There is nothing more frustrating for passengers in taxis when the driver is not sure of the best route to take to a certain destination – or even worse in not sure about where the destination is in the first place. This concern has been voiced by many residents in Hull, who feel that taxi drivers need to have a certain amount of knowledge about the area before they are given their license. Therefore, as of April the council will require anyone applying to become a taxi driver in the area to not only be covered by taxi insurance and other legal requirements, but also complete a six week course and various tests in order to qualify.
The calls have come after an influx in immigrants to the area means that many that take up taxi driving as a profession do not know the city’s road network, or even speak enough English to communicate appropriately with their passengers. The plan is for anyone applying for a taxi license as of April they will first need to achieve a BTEC qualification in taxi driving, which will quiz the drivers on the city’s roads and neighbourhoods, as well as Hull City Council’s regulations concerning hackney carriages and private hire vehicles.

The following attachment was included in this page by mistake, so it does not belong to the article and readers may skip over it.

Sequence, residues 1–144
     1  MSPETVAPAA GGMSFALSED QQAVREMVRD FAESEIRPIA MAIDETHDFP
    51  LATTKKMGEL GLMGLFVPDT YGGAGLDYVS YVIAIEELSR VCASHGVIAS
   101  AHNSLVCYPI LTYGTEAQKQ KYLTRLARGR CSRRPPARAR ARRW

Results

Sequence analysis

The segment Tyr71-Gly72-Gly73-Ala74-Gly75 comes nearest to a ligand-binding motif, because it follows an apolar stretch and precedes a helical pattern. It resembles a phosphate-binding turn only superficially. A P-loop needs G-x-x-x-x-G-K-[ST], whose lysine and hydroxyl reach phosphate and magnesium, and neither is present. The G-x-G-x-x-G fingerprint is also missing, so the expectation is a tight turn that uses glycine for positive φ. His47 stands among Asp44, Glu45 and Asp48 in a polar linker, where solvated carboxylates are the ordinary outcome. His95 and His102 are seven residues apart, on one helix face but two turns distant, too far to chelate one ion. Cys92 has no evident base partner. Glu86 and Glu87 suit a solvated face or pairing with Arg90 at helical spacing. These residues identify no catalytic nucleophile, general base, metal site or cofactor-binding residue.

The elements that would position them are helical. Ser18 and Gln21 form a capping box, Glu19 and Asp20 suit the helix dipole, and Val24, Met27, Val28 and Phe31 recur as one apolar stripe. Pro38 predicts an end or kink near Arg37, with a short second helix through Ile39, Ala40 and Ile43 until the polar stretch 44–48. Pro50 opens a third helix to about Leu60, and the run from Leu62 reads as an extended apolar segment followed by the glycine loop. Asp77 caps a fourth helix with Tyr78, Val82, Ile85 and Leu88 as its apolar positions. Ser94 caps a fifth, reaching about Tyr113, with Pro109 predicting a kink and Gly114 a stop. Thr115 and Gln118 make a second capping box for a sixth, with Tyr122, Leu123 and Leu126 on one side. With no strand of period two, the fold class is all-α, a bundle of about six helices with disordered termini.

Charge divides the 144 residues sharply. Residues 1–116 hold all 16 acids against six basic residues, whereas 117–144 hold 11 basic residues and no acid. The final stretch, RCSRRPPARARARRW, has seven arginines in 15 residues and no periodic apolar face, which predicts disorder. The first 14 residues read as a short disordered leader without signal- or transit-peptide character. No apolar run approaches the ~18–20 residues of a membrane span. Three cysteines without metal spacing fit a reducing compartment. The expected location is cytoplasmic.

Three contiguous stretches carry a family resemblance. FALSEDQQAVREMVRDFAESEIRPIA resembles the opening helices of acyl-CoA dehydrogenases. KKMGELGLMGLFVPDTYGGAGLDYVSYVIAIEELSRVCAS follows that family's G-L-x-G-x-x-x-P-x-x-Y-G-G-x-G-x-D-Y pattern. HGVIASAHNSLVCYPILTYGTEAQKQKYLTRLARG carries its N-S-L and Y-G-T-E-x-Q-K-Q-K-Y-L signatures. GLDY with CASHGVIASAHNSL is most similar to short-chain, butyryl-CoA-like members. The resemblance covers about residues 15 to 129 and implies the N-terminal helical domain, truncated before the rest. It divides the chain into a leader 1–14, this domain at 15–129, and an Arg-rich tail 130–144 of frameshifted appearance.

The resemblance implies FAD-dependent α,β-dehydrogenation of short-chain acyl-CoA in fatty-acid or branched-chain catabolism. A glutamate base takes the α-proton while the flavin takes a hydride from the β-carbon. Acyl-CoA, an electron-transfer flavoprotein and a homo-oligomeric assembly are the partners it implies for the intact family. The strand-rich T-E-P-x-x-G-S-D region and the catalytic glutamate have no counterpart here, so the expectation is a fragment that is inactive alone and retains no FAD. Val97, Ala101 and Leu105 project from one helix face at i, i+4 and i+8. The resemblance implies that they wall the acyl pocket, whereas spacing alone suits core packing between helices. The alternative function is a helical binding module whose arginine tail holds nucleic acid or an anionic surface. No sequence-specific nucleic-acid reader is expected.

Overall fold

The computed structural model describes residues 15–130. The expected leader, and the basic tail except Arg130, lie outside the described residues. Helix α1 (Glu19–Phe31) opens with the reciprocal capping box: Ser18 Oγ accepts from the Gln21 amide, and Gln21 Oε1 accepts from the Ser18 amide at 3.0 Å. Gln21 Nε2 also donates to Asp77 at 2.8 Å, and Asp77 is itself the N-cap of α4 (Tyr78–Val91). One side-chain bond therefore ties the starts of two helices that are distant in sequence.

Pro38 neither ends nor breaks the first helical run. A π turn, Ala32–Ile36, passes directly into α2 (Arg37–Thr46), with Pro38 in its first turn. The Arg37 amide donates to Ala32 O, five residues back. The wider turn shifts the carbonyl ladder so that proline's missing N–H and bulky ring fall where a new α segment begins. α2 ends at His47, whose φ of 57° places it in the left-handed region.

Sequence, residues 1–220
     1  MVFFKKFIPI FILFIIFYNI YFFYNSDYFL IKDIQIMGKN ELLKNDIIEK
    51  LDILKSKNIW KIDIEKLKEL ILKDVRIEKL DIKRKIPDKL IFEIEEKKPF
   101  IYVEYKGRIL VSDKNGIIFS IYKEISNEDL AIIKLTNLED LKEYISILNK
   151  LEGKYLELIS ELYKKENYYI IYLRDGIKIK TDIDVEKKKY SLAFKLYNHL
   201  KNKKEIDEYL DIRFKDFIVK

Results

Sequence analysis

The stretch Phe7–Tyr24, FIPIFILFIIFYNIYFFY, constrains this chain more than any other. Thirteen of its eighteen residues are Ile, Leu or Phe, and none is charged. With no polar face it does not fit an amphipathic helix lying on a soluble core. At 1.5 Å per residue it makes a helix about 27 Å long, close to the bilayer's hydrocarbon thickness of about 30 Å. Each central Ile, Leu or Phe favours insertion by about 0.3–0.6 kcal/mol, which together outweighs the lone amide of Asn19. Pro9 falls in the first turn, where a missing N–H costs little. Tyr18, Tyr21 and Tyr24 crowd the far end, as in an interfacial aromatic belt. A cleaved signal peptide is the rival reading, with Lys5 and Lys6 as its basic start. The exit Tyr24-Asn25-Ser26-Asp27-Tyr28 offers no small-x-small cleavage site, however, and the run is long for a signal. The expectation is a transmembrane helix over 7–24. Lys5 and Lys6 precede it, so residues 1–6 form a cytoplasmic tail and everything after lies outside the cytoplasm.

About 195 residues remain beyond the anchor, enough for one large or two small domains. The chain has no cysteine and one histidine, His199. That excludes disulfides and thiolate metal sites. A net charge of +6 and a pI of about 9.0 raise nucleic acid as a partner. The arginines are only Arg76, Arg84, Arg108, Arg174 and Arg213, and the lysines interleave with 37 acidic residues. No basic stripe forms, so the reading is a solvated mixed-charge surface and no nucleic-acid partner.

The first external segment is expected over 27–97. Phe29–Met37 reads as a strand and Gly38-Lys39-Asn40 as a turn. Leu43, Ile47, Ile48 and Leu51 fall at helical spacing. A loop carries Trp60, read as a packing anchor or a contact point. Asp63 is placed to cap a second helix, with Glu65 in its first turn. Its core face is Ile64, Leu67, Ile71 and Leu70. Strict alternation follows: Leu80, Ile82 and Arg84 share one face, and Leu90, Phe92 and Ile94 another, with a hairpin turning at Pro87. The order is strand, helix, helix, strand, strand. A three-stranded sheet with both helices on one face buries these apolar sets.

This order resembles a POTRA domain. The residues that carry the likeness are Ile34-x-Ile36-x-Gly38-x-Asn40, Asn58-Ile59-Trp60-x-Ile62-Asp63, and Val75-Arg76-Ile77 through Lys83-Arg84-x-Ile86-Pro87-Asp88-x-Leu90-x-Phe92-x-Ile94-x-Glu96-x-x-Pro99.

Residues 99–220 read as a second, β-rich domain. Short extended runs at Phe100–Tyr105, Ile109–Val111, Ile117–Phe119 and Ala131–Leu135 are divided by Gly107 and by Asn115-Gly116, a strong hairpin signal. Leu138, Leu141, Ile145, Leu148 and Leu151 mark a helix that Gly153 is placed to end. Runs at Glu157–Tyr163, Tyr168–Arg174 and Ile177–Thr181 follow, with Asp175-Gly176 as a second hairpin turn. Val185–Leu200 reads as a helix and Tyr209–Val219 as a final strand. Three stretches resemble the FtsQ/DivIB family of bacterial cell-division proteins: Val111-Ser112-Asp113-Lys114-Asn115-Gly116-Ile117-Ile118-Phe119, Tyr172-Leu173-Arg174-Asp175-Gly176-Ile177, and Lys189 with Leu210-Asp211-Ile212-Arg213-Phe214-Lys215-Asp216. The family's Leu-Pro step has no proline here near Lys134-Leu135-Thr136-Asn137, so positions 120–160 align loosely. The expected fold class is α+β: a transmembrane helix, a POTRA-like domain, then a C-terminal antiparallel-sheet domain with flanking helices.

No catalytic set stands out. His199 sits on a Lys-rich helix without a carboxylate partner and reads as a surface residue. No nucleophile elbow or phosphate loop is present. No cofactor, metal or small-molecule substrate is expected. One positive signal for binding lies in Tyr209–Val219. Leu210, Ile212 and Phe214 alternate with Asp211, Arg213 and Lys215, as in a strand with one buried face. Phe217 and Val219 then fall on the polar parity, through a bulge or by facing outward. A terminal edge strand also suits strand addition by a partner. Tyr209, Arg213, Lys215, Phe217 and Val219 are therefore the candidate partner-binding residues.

Councillor John Shipley said: “I’m in favour of the knowledge test. Since it was scrapped by the previous Liberal Democrat administration, we have seen so many complaints about this.” Meanwhile Councillor John Abbot said that it is essential that drivers have an adequate knowledge of the English language, and said: “We should set the bar reasonably high on this issue.” The new BTEC qualification will also teach potential taxi drivers skills in customer care, equality, diversity issues and basic route planning skills.
The course will not affect taxi drivers who already have licenses, and for the first twelve months will be free due to funding, but after this could cost drivers up to £176. Keith Fenner, the city council’s licensing manager said he was discussing the introduction of the new qualification with members of the taxi trade “but would expect to be in a position to go ahead with it when we have our annual review of licensing policies and conditions in April.”